Fred posted on Burn Rate today. It’s a good read–definitely go read it after this post.
But Fred’s example is based on a funded company, where the amount of investment is known and up front.
For most startups, that stage is a goal we aspire to, but isn’t the norm at the beginning. Instead, we raise cash here and there, hoping to get enough to run things smoothly, and maybe combine it with revenue.
With both ChiliSoft and Mission Research, I remember telling the guys “I can pay you this week, but I’m not sure about two weeks from now”.
It was a tough spot to be in, but the team was loyal and knew I could usually make something happen. And I usually did.
Managing cash flow is an important practice to get to know early. It’s pretty simple: you have your known ongoing expenses, known revenue (or not), and known investment (or not). You have to manage your cash–the combination of investment and revenue–to cover the expenses on an ongoing basis.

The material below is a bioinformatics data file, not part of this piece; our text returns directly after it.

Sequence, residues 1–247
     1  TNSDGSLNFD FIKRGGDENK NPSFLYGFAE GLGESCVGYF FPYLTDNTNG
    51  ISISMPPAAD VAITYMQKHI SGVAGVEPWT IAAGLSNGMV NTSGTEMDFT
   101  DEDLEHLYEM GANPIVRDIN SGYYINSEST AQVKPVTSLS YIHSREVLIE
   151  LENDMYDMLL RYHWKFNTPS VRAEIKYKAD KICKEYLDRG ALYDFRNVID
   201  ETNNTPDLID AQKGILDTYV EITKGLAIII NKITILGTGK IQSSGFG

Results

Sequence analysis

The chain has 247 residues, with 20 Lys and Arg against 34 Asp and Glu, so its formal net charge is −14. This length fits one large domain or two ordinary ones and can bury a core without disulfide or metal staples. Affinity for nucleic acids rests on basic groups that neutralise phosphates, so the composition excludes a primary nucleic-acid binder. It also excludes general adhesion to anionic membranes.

That’s why hiring someone early on is such a big commitment. You’re asking them to change their lives on your behalf, so you damn well better be able to make payroll.
I blew that in a big way once; I thought I had a certain amount of cash, and knew I had to contract the company to make the cash last, but then I got an email from my right-hand man informing me he had made a mistake–by $200,000. Oops is right. We laid 10 people off the following Tuesday.
Which raises another point: you’re the leader, the CEO–you need to verify the numbers. I failed to do that, though my practice prior to that year was to know everything about finances. It was a mistake I still regret today.
So keep a close eye on your cash, your burn, and your revenue. Don’t apply your optimism to revenue projections and investment when making your hires, and only hire ahead of revenue if you have at least 12 months of cash for each position (your risk tolerance may be greater or less, but that’s not a bad runway; I prefer 18 months but have based hires on as little as 3 months, which is nuts).